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Will Iwo stay in Ukraine?

news23 Iwo2016 Iwo, the bear who last spring became famous for an extraordinary journey from the Tatra to Hungary and then through the Polish Bieszczady Mountains further into the Ukrainian Eastern Carpathians, happily survived the winter in the Gorgany range. His telemetry collar completed its two-year mission and automatically opened.

Iwo, now six-year old male bear, was captured and radio-collared in May 2014 in the Tatra National Park, Poland. Researchers from the Tatra National Park and the Institute of Nature Conservation in Krakow have been closely following and analysing the information sent by the GPS transmitter on Iwo’s collar about his locations and movements. The collar was programmed in such a way that after two years it would unfasten and drop-off from the animal.

From the information provided by Iwo’s GPS radio-collar we know that he is an experienced traveler. Two years ago, in spring 2014, scientists monitored his over 100-km journey in the area of Liptov in Slovakia. In the same year, he passed three times through the main ridge of the Tatra Mountains, in areas of 2200-2400 m high. He even climbed the walls of Kieżmarskiego Summit and Lomnica.

A year ago (late April 2015), Iwo embarked on another journey, which began in the area of Poprad. This time Iwo went 120 km to the south. On 3rd May he arrived to Hungary. After one week spent in this country, he turned north and on 11th May was already in Slovakia. Then changed direction to the north-eastern and began an amazing journey through Slovakia. One year ago, on May 19th, after nearly 190 km journey since he left Hungary, Iwo returned to Poland to Podkarpacie region, an area adjacent to Ukraine.

Iwo chose the Ukrainian Carpathians as a place for hibernation this winter. His collar was found in the Gorgany range by bear experts of the Tatra National Park, in the area where Iwo spent the last five months. Gorgany is a mountain range in the south-western part of Ukraine, considered one of the wildest mountains in Europe.

His GPS collar, which determined Iwo’s position every 30 minutes, allowed researchers from the Tatra National Park and the Institute of Nature Conservation to monitor his movements permanently under the project GLOBE. Since spring 2015, when Iwo reached the Hungarian border, Polish, Slovak, Ukrainian and Hungarian researchers and nature managers have regularly been in contact, exchanging information about the bear and supporting each other. The data collected during those two years are now downloaded from the collar and ready to be analyzed.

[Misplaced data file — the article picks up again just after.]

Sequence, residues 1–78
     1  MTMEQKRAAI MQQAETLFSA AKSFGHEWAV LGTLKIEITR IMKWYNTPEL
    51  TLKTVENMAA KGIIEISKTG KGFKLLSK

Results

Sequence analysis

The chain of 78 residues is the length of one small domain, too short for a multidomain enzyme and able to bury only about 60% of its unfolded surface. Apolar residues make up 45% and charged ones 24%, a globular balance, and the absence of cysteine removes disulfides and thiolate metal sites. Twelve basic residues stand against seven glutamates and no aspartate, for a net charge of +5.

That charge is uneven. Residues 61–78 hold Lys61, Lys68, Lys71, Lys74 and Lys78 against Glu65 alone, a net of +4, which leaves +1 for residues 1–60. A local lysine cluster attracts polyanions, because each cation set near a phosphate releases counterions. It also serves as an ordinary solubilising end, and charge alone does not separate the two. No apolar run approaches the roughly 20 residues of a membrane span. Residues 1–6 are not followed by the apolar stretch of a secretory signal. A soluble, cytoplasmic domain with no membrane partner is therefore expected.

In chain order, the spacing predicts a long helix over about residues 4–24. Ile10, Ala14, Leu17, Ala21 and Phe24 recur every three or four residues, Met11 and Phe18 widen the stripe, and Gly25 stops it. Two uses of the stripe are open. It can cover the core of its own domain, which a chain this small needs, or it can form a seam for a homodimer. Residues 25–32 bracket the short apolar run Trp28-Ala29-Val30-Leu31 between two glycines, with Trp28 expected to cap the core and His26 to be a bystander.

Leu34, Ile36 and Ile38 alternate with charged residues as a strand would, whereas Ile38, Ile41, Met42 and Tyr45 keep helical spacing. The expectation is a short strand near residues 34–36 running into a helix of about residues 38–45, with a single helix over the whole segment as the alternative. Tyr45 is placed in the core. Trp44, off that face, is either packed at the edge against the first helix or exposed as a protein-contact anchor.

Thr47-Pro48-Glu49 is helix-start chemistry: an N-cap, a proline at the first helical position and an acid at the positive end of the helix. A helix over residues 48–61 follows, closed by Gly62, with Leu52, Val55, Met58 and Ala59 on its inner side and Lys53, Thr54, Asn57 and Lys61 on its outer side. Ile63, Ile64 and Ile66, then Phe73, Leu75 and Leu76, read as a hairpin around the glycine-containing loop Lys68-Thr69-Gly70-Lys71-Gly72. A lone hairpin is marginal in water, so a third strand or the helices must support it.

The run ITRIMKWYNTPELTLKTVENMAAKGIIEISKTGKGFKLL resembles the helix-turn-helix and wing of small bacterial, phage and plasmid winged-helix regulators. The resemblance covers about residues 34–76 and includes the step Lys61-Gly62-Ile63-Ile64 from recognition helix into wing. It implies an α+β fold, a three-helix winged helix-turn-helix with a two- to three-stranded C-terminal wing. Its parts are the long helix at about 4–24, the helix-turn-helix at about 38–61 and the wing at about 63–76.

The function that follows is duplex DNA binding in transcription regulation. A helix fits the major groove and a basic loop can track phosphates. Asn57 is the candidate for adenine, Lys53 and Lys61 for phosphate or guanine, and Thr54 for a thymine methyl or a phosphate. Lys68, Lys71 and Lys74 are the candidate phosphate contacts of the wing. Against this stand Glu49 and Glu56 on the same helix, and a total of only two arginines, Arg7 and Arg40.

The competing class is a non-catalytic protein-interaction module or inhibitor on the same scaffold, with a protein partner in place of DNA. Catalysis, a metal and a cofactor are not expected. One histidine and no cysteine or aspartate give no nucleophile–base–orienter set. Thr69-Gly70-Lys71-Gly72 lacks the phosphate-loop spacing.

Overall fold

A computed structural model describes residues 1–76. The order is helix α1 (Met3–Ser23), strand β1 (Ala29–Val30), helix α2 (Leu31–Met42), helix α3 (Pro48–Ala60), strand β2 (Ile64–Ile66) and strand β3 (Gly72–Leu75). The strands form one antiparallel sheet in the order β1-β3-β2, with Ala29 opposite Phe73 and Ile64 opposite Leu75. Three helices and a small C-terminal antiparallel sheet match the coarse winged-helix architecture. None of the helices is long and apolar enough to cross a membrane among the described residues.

Thanks to the data collected by Iwo´s collar, we have learnt a lot about the ecology and behavior of wild Carpathian bears, as well as about their environment. We understand better the dispersal of subadult males in search of new home ranges. Although scientists have already feared that the eastern and western Carpathian brown bears subpopulations increasingly split up, Iwo’s trip shows that there is still connectivity between them. Most important, bears are still able to move through heavily fragmented areas of central Europe, using wildlife passages through the highways, forest corridors, and even small woods located in vicinity of heavily populated areas. By analysing the dispersal route of Iwo, we will better understand how animals move, what elements of the environment and space they use during dispersal. This will not only improve our knowledge, but also will be an important contribution for better spatial planning and infrastructure development in agreement with nature conservation. Iwo showed us that bears do not know and do not have borders, they cross several countries, forest districts, national parks. This highlights the need to verify the traditional methods of estimating bear numbers, where the same animals are probably counted several times, yielding higher numbers than in reality for a given country or region. Finally Iwo showed us how extremely important and necessary is the cooperation between scientists and nature managers at the national and international level. Iwo mobilized dozens of Polish, Slovakian, Ukrainian and Hungarian to cooperate closely, and made everybody aware of how close in fact we are. Because we share transboundary populations, we must work together and make cross-border decisions, if we want to effectively manage and protect wildlife and natural resources in the Carpathians.

We will not know where Iwo will go now, which countries or mountains he may visit. Will he reach Romania, from where he was just 48 km far? Or will he return to the Tatra Mountains one day, which is at 300-km distance from his last location in a straight line?